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Spotlight: Kona Grill


Silly me, I was expecting Hawaiian, or at least Polynesian. I mean, what else should one infer from a name like Kona Grill?

And there are a lot of Asian and Pacific Rimmy kinds of dishes on the menu. There are sushi offerings and the requisite poke bowls, some egg rolls and some stir-frys.

But of course the first thing I spot on the large menu is Jambalaya. The second thing is a Cuban Sandwich. So immediately I'm thinking WTF, which stands for What's the Theme?

I'm going to go with "big and splashy," with a side of "feed as many people as you can at once."

It's a very large space, and it doesn't appear to have been cheaply appointed. Booths and chairs are attractively upholstered, but it all felt rather impersonal.

And the food is modest, at least what I sampled. Who knows, maybe that jambalaya is the star of the show.

But I stayed with items I thought sounded like they should be served in a Kona Grill.

My companion and I started with the Kona Calamari, which despite being a tad greasy had good seasoning in the deep-fried breading and were mostly tender.

Pad Thai Noodles was a smallish serving considering its $16.50 suggested retail price. That's the price with chicken, hard nuggets that seemed as though they had been deep fried. There also didn't seem to be much in the way of flavor, at least not until I availed of the line wedge that was provided and gave the rice noodles a good squirt.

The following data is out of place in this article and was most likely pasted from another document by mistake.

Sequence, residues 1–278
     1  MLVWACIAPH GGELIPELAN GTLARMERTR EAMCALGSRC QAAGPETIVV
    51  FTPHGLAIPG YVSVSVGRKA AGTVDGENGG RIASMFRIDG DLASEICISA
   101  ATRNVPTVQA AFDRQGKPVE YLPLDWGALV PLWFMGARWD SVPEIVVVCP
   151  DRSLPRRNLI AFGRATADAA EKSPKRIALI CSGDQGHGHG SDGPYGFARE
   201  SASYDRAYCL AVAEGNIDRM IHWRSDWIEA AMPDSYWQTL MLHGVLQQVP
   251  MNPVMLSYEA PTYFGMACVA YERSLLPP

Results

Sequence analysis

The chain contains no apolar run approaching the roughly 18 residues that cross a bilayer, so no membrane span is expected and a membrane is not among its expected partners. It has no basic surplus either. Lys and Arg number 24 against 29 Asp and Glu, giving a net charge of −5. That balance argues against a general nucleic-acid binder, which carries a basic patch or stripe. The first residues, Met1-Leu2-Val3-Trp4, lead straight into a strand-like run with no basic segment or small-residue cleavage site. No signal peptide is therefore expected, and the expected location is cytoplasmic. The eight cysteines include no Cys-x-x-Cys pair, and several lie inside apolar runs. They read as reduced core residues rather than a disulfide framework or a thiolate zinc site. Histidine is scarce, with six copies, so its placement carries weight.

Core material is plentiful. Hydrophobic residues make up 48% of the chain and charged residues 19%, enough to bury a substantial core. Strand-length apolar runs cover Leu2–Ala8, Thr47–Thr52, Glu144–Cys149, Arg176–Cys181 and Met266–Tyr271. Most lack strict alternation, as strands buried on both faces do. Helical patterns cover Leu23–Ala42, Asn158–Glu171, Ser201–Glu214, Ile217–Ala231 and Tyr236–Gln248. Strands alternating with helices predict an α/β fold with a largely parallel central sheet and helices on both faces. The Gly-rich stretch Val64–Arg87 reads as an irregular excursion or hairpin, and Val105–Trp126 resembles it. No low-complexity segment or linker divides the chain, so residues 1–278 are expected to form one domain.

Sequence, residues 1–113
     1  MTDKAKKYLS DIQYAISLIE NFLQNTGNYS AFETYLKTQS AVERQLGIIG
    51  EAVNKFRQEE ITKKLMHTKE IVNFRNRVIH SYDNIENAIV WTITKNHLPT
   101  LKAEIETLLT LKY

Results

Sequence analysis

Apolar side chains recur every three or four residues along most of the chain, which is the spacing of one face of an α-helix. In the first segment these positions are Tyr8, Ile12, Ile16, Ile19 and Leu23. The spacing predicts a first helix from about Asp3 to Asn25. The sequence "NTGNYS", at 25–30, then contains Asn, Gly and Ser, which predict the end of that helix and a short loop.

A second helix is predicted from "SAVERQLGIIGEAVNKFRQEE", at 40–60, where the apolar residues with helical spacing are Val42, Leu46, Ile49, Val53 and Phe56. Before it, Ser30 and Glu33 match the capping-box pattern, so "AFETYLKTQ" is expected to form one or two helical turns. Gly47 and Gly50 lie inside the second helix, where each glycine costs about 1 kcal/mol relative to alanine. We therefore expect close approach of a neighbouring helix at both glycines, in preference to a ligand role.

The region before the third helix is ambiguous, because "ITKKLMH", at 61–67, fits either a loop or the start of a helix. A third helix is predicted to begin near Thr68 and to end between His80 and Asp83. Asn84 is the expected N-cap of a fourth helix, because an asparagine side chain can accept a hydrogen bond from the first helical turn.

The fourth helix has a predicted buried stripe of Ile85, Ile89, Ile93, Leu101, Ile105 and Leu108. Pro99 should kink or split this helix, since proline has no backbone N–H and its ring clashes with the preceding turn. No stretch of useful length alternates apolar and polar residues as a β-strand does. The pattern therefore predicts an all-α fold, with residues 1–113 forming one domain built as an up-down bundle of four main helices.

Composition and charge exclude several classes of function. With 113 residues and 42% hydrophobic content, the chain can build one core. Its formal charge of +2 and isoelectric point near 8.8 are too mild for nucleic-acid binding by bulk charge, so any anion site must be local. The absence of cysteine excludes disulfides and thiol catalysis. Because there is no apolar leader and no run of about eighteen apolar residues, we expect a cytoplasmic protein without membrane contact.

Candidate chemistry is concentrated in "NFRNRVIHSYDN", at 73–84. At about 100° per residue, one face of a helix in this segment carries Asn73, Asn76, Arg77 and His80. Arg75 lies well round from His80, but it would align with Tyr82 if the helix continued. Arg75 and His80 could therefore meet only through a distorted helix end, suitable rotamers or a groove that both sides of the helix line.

My friend didn't do much better with the Spider Roll, which was quite small, loose and inexpertly rolled.

The atmosphere is boisterous, thanks in part to an open kitchen where staffers shout at each other as though they think the guests can't hear. Or they don't care if they can.

A bright spot: Our server was accommodating, and the food was delivered quickly. Feed a few more.

Kona Grill is a franchise chain that started in Scottsdale, Arizona, in 1998. It has locations across the continental U.S. and even one in Hawaii, which probably doesn't get a lot of Cuban sandwiches or Jambalaya.